Exploring Lemmas with the Same Root

A Logos user recently presented this question to me:

I’ve noticed Logos includes the root words for Greek lemmas in English Bibles with the reverse interlinear. How might these root words be used in actual Bible study?

Excellent question! While this blog will certainly not exhaust all that could be said, hopefully a few insights may get you started using this feature.

First, let’s begin with a few definitions

  • Manuscript form of a word refers to the actual word the biblical author used.
  • Lemma or lexical form of a word refers to how the word is “looked up” or referenced in a traditional dictionary of lexicon.
  • Root is the word from which the lemma is derived.

In very simple terms, manuscript forms are derived from lemmas which are derived from roots.

Let’s explore this more with a specific biblical example found in Galatians 6:1 in which Paul instructs …if a person is caught in some trespass, you who are spiritual restore such a person in a spirit of humility…

  • Open the ESV to Galatians 6:1 (A)
  • Right click on the word restore (B)
  • Select Root | Search this resource (C)

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  • Click Aligned on the search panel (D) to see in a center column the various ways different lemmas with the same root are translated in English (E)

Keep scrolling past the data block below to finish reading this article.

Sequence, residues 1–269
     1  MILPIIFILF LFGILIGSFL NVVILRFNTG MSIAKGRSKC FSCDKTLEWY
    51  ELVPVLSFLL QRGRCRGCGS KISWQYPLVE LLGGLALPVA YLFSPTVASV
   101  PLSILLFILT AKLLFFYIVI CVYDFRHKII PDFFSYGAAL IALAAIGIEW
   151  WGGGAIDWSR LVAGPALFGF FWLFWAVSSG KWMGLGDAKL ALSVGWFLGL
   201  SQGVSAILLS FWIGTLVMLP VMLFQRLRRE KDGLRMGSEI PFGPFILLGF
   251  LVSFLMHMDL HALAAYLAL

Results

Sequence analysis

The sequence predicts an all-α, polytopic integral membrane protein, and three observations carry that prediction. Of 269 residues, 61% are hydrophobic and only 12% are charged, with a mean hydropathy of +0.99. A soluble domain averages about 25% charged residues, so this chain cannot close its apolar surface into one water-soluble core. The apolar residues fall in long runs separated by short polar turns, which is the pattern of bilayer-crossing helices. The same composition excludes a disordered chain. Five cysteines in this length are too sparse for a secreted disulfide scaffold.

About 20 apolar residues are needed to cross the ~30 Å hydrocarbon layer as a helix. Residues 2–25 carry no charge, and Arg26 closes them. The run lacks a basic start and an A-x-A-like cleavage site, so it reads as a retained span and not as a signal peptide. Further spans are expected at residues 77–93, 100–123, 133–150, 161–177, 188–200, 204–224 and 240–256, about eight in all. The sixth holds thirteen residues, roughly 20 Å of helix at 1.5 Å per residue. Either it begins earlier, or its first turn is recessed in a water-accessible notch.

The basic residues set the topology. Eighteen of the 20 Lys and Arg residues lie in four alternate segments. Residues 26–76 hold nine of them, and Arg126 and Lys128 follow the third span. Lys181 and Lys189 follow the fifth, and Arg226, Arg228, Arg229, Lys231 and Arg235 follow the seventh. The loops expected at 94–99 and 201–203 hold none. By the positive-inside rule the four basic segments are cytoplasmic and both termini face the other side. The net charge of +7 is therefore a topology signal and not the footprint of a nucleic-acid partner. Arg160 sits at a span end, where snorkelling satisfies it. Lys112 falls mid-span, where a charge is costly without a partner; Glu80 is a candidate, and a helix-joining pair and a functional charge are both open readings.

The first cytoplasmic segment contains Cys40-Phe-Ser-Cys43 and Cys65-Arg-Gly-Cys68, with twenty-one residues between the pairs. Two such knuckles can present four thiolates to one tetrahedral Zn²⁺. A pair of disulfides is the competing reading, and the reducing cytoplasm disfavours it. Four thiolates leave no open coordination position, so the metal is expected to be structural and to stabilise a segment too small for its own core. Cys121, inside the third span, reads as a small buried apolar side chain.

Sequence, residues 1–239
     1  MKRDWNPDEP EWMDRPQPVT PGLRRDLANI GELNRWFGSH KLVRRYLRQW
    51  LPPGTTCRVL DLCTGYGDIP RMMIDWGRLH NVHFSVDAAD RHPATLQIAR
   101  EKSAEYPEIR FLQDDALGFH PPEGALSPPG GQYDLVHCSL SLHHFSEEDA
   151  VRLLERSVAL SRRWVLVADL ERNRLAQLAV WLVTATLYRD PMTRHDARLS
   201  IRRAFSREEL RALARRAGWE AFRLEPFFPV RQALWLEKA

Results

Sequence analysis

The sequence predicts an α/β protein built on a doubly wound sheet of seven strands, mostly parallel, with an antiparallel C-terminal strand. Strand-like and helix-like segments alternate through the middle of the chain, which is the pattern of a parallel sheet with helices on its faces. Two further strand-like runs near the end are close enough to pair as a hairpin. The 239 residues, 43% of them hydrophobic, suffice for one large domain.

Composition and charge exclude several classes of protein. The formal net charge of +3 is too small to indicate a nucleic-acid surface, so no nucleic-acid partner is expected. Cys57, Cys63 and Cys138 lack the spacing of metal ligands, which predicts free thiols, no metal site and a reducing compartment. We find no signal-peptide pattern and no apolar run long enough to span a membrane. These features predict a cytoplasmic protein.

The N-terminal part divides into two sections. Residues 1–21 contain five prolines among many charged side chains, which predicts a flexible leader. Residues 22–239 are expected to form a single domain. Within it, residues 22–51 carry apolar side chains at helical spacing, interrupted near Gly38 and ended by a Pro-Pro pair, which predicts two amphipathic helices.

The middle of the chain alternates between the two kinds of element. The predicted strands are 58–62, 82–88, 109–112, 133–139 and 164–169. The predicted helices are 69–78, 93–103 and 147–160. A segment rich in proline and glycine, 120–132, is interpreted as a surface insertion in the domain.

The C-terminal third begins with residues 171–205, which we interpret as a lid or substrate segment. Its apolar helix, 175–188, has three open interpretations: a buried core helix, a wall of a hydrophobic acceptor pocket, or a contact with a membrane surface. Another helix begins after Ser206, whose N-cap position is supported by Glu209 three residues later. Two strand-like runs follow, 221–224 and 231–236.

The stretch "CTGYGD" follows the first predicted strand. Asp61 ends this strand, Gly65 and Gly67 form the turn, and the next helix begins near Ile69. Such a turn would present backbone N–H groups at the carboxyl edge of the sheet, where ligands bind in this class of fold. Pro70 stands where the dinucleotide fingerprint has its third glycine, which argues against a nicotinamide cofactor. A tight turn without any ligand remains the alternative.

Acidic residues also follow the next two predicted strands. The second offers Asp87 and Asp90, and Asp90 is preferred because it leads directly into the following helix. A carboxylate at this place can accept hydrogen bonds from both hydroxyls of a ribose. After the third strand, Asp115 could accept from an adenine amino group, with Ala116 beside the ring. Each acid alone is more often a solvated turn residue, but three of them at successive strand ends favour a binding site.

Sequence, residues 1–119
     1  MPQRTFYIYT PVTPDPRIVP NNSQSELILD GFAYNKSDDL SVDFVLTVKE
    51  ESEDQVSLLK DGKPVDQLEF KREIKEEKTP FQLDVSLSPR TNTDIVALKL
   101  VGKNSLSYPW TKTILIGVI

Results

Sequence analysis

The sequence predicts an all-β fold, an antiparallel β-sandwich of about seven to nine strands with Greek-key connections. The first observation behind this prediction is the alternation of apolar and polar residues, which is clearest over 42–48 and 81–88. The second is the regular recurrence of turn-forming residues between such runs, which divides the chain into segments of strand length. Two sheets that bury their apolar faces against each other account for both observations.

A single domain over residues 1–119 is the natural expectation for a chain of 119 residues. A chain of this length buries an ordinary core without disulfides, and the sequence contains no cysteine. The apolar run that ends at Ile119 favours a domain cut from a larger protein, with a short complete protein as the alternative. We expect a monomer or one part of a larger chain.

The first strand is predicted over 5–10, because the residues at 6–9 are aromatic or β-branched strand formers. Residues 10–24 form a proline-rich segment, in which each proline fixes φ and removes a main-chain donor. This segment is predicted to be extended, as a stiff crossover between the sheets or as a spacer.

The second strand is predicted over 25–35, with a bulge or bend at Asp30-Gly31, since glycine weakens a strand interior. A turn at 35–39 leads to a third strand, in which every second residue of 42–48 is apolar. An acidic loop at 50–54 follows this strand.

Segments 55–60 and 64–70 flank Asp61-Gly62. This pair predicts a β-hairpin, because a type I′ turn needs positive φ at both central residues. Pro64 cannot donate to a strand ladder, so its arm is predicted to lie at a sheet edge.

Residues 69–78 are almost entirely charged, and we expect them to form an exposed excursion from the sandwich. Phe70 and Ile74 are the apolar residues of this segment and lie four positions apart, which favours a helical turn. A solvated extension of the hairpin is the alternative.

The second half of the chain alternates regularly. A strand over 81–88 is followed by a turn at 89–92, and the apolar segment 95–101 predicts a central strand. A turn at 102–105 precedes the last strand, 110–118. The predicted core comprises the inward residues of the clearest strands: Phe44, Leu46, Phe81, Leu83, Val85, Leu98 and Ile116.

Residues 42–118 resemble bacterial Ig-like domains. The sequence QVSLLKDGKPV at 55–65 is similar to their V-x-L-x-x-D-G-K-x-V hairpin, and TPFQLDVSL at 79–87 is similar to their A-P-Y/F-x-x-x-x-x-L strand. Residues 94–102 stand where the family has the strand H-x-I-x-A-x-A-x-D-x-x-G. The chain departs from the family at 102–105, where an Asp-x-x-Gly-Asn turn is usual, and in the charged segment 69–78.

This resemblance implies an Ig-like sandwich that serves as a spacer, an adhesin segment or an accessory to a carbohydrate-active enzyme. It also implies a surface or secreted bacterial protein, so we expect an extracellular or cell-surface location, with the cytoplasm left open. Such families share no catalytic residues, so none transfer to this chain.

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  • Click Analysis to display a spreadsheet of the results (F)
  • Right click on a column header (G)
  • Select at least these categories: Reference, Lemma (Greek), Result, and Sense (please note that Sense does not appear in all Logos base collections) (H)

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  • Drag one at a time Lemma (Greek) and Sense to the top of the spreadsheet (I) in order to group the results according to these categories (J)

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Here’s what you’re viewing in the spreadsheet:

  • The various NT Greek lemmas derived from the same root (K)
  • The various ways the lemmas are translated in the ESV NT (L)
  • The sense or contextual meaning of each lemma (M)
  • Different senses or meanings for the same lemma (N)

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As you work with these results please keep these cautions in mind:

  • Don’t automatically assume a lemma has the exact same meaning as its root
  • Don’t automatically assume lemmas derived from the same root share the same meaning
  • Don’t automatically assume a lemma has the exact same meaning in every place it occurs in Scripture

With these cautions firmly in mind, it is interesting to observe that running throughout the related lemmas are the ideas of repair, correct, prepare, equip, and mature. Perhaps these lemmas and meanings provide further insights into the concept of restoring in Galatians 6:1.

By combining a search for the root and the Analysis view of the results, you can explore in detail the various facets of a word!

If this was helpful to you check out out Logos 5 Training Manual Set, which contains expanded versions of searching Lemmas.

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